The best way to describe this talk is to simply quote some of what we received from its presenter: “I’m Johnny. I hack stuff. I’ve been at it for quite a while now, and I’ve picked up a few tricks along the way. I get asked about my tricks all the time, mostly by kids who saw that movie. You know the one. But I’ve always said no. I’ve held onto my secrets as part of the pact I made with the hacker underground. I mean, I’m allowed to give talks and presentations about hacking stuff, but the secrets… the real super-cool secrets I’ve had to keep to myself. The head of the underground said so. But I got this email the other day that says I’m THIS close to getting kicked out of the underground. Seems the glare of the public eye has been on me for far too long and I’ve become a liability. So, I’m going to be proactive. I’m going to quit before they can fire me…. The underground is gonna be sooo ticked off.”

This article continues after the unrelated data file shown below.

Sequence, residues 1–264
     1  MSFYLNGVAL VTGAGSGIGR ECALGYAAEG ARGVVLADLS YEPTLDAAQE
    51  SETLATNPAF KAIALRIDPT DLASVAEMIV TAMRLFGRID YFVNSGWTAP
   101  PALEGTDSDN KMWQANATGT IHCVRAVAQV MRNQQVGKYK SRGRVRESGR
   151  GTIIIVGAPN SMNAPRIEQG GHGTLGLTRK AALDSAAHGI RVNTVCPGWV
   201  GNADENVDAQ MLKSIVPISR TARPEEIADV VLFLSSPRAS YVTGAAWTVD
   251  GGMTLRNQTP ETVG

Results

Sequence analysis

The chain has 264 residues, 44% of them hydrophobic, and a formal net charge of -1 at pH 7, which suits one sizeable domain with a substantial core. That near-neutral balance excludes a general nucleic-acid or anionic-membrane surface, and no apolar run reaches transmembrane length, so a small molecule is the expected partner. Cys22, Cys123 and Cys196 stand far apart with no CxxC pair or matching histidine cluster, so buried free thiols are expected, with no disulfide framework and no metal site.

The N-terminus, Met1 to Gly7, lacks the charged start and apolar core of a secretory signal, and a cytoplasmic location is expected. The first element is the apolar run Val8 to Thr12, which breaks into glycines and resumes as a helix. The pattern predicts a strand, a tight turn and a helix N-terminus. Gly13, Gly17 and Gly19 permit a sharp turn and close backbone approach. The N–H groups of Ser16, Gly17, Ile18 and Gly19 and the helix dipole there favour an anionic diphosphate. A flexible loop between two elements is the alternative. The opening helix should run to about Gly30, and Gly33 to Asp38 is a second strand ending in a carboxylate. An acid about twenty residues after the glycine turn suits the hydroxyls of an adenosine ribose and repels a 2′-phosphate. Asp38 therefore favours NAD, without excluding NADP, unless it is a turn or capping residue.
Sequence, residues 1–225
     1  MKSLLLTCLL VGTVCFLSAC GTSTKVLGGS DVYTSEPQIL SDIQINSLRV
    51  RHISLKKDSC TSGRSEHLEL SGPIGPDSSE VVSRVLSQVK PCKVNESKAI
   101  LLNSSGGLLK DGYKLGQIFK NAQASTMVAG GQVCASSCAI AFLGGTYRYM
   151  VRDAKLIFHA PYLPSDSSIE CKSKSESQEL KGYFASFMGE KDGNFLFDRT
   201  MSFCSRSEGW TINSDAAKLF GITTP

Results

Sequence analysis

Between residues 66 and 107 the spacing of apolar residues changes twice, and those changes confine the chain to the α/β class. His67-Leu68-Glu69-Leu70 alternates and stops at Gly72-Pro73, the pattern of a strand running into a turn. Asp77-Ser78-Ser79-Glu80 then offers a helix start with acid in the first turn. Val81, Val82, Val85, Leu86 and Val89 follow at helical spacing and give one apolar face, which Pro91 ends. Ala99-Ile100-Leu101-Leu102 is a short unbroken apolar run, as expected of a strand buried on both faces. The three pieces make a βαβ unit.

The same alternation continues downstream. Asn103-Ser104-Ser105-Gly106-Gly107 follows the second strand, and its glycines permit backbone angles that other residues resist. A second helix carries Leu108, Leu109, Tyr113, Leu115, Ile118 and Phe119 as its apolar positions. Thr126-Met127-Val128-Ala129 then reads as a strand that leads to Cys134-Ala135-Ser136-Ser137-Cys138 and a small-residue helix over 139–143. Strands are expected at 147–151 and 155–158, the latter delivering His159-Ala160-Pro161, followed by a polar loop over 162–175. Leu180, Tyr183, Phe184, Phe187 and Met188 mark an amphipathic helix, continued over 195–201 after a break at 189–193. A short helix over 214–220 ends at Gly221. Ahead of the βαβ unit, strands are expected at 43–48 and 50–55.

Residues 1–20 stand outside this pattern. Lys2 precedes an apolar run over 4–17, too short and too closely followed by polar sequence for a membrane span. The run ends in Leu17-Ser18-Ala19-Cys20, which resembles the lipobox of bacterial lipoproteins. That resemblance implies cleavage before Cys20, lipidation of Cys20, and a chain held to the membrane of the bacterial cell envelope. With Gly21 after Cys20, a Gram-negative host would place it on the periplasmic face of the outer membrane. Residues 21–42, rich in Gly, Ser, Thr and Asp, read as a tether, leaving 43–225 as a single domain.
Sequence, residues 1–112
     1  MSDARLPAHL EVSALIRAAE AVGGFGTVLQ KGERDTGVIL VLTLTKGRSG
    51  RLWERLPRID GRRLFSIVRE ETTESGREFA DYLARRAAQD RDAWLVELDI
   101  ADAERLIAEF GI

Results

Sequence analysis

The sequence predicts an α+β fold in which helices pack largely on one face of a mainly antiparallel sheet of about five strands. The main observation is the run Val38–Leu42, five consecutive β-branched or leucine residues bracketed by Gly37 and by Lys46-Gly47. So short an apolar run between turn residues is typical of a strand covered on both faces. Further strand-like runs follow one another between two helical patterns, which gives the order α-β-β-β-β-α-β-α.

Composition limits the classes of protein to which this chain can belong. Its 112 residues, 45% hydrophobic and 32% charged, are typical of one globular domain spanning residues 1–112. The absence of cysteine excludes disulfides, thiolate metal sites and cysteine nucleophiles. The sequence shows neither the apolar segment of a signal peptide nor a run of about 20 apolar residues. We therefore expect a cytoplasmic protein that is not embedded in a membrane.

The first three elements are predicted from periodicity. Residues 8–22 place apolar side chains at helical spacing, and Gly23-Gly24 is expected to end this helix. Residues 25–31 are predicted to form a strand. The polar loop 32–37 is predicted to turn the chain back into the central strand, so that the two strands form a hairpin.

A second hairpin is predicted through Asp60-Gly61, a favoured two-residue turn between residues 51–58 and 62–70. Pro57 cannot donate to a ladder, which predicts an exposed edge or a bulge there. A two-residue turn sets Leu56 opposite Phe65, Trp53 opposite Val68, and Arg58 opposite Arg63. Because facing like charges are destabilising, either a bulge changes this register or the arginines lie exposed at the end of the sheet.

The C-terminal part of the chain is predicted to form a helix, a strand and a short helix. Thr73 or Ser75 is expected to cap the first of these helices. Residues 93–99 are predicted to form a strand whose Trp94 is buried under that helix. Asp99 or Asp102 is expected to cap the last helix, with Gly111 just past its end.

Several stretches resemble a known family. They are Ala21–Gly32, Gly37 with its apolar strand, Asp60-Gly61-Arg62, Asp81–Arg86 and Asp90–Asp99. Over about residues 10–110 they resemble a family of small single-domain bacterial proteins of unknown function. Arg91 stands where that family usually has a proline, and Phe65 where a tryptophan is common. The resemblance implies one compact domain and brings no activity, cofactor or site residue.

Also huffduffed as…
In 2008 2600 is 24 years old, the computer bulletin board system is a 30 year relic, and a good number of attendees of HOPE were not born when some events of the "modern" era of computers and hacking began. Historian Jason Scott of textfiles.com presents a quick primer of a large part of the basics of hacking and phreaking history, touching on those sometimes obscure or hilarious subjects that may have escaped notice in a Web 2.0 world.
We need a living hope to get through life and endure suffering. A living hope enables us to have both sorrow and joy. Our living hope is an inheritance achieved for us by Christ.